My Great Grandmother’s Candlesticks — ruminations on geologic and personal time
At the beginning of the Jewish New Year last week I lit candles to mark the day. The candlesticks I used were my maternal great grandmothers, brought with her to America in 1910. These were passed to my grandmother, then to my mother, and finally to me and my family. Staring at the candles connected me to an ancestor I had never met; I only know of her from a single photograph and the stories my grandmother and mother told. Of my other great grandparents, I know even less, just names and photos. But I am connected to them also. They exist in genealogic deep time, the personal equivalent of the immense span of geologic time that I study as a paleontologist.
But the candlesticks represent a deeper connection. They were lit on every Sabbath for at least a century. The weekly celebration of the Sabbath, the annual observance of the festivals and holidays, tie me to my ancestors who observed the same events, back through centuries. As observed by my rabbi Max Weiss in this year’s Rosh Hashanah sermon, there are two types of time in Judaism. The first is the personal and historic, the movement from birth to death and the history of our people and humanity. This time is directional. The second is the annual repetition of the holidays and months. This time is cyclical. Together, they are a spiral, both going around and moving forward. And as my rabbi mentioned, recognizing this helps root us when, due to the pandemic, we feel unrooted in time (it’s already September? Is today Monday or Tuesday?).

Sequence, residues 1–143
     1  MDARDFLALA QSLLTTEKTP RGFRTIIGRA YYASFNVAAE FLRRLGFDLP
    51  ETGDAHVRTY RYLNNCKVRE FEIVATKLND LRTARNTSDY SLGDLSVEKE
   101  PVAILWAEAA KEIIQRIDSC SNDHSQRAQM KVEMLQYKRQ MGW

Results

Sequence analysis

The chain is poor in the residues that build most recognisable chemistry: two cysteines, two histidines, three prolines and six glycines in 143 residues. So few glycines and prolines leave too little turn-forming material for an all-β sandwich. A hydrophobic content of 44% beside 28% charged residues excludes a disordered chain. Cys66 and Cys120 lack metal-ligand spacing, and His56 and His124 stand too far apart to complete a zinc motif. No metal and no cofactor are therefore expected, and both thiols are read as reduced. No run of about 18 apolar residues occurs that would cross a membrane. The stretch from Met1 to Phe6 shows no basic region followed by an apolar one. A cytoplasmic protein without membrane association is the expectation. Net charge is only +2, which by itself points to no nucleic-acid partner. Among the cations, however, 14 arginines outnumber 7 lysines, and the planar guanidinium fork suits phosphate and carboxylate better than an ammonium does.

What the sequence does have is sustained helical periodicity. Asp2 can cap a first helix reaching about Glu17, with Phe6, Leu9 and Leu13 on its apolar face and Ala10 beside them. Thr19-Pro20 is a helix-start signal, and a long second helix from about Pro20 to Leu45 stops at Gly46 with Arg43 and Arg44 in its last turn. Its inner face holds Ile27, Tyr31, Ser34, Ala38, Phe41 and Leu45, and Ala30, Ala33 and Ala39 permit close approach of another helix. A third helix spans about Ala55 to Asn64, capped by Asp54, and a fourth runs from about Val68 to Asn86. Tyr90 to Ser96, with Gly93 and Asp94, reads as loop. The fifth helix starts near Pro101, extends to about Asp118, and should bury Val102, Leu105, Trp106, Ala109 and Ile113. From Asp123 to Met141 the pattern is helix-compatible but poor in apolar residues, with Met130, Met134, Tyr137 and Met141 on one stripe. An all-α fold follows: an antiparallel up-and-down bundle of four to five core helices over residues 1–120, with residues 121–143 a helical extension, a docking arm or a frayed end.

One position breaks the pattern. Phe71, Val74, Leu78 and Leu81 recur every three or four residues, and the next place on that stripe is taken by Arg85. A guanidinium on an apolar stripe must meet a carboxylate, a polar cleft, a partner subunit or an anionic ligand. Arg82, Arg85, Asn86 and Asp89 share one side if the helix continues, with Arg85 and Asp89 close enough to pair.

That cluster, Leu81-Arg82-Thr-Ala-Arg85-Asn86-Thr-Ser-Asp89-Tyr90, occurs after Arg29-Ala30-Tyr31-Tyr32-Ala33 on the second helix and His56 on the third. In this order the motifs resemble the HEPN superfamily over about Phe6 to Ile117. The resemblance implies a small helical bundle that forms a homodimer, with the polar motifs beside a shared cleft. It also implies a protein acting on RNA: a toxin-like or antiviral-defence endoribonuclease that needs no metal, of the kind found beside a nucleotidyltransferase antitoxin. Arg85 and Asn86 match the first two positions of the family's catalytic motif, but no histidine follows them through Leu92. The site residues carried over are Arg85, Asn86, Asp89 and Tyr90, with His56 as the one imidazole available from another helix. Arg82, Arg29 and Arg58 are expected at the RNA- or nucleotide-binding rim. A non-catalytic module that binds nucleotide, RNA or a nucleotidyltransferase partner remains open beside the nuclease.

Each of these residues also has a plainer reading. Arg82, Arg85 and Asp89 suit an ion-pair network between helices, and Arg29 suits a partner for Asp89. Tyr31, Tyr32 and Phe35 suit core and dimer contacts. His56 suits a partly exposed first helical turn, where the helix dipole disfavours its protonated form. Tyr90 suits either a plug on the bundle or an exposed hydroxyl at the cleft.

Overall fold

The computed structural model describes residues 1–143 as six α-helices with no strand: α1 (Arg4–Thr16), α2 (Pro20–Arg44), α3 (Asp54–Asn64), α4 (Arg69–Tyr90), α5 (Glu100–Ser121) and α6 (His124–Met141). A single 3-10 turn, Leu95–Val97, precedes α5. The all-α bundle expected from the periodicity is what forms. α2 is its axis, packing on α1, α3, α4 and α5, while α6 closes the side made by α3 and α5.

Geologic time is also a spiral. The physical Earth has changed tremendously since its origin some 4.5 billion years ago. Continents and oceans have formed, the atmosphere changed from one with no oxygen to one that could support breathing. Seas have covered the continents and later withdrawn. Huge mountain ranges formed, only to be eroded away. Life originated and evolved to produce what Darwin called “endless forms most beautiful.” Organisms that dominated the biosphere, such as trilobites and dinosaurs, appeared and disappeared. When looking at the Earth, time has a direction, what Steve Gould called the “arrow of time.”
But geology also has many cycles. One of the most fundamental concepts is the rock cycle, with the movement of rock from the surface to the interior and returning to the surface, changing from sedimentary to metamorphic to igneous and back again. Carbon moves in many cycles between the atmosphere, oceans, life, and solid rock. And as Solomon observed so long ago, “All the rivers flow into the sea, Yet the sea is not full. To the place where the rivers flow, there they flow again.” Even the ancients knew of the water cycle. And we know that long cyclic changes of the Earths’ orbit, that can take 10’s or 100’s of thousands of years, have controlled the advance and retreat of the ice sheets that until recently covered the Northern Hemisphere.
One of the key lessons of geology and paleontology is that the world is not only a product of what is happening today but is the result of what has happened before. We have breathable air because photosynthesis evolved. Mammals and birds dominate the land because the bird’s dinosaur ancestors perished. The landscape of Chicago, where I live, is the product of the glaciers that once covered the area. We are rooted in geologic time.
In the same way, my own life is the product of not only what I do but of what came before. Every time I hear the news from Ukraine or Belarus, I silently thank my grandparents for coming to this country. When I think about my education, I thank my late parents who sacrificed so I could attend college and who supported me in every way possible. And as I do when the year’s cycle comes back to this time, I work hard to remember them. They are gone, but the candlesticks remain to remind me of them and to root me in personal time.